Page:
Ensign Akakpossa Ananou was formerly HM1 Akakpossa Ananou before taking the commissioning oath from Navy Capt. Larry Ciolorito, assistant chief of the Department of Pathology and a supervisor of the new officer. Ananou applied for and was selected for direct commissioning as a medical technologist in the Medical Service Corps, Ciolorito explained. The new officer reports to Officer Development School in Newport, R.I., this week for five weeks of training, and then for an assignment at Naval Medical Center Portsmouth, Va., as a staff medical technologist, where he will likely specialize in blood banking, the captain added.
Ciolorito explained Ananou “has already lived a couple of lifetimes.” The new ensign was born in Togo, West Africa, and lived there until he was high-school age. He then lived in France, where he was a commercial pilot.
“He then won the lottery, not Powerball but the immigration lottery, and that’s how he came to the United States,” Ciolorito continued. “He joined the Navy and has had a distinguished enlisted career. He has done great service for us, and now going on to a new phase of service.”
Navy Lt. Erika Nance, a medical technologist at WRNMMC who’s also mentored Ananou, said he’s now part of a distinguished corps, the Navy Medical Service Corps, which has a long history of commissioning outstanding enlisted members into the officer ranks. She lauded Ananou for “taking it upon himself to study and advance himself further in his education,” as well as “unconditionally giving himself to his people, to the mission and to the Navy. They are recognized, and sought out for a commission.” She added he serves as an example to other enlisted Sailors who wish to achieve, and “if you dream it, you can achieve it because there are opportunities.”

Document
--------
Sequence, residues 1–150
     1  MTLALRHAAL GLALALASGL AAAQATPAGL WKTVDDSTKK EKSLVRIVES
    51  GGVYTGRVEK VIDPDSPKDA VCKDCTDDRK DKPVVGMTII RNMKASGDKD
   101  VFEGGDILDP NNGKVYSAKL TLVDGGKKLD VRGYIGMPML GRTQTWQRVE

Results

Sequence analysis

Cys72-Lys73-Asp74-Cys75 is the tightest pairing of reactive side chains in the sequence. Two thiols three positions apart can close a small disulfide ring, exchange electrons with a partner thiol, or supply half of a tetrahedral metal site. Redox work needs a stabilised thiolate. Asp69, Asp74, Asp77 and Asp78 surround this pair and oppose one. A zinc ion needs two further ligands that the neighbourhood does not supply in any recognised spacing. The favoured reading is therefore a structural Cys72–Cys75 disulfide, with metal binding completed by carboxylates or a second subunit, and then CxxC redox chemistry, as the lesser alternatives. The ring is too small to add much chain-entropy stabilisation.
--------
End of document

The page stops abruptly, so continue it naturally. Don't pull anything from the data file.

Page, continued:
Navy Capt. Frederick (Fritz) Kass, commander of Naval Support Activity Bethesda, awarded Ananou the Navy and Marine Corps Achievement Medal for his efforts in making the base’s voting assistance program a success, an additional duty the former hospital corpsman first class volunteered for at WRNMMC.
“You can get by in the Navy doing your job very well, and get to a position [such as Ananou has], you have to extend yourself,” Kass said. “Ananou was also recognized for serving as WRNMMC transfusion services leading petty officer since October 2009. He is credited with assisting in acquisition of more than 220,000 blood draws, “critical to providing lifesaving care for thousand of critically wounded warriors and other patients.” He is also credited with being a career development advisor, “providing superb training, guidance and career support to hundreds of Soldiers and Sailors throughout the National Capital Area.”
The new ensign thanked “all those who inspired, mentored, trusted and supported” him, most with whom he’s served with at WRNMMC. “It is a privilege to serve with you all. We all have challenges, and many times, I have turned to some of you because I know I can always rely on you. I’m honored to become an officer in the United States Navy. I will strive to be the best naval officer I can possibly be.”
Concluding the ceremony and “in the spirit of integration,” Hospital Corpsman Second Class Heather Hosaflook and Army Spc. Aileen Severino gave Ananou his first salute, and following a long-standing Navy tradition, he gave each of them a silver dollar. The tradition is new naval officers buy their first salute, and then the officers earn every salute thereafter through performance and the earned respect of their subordinates.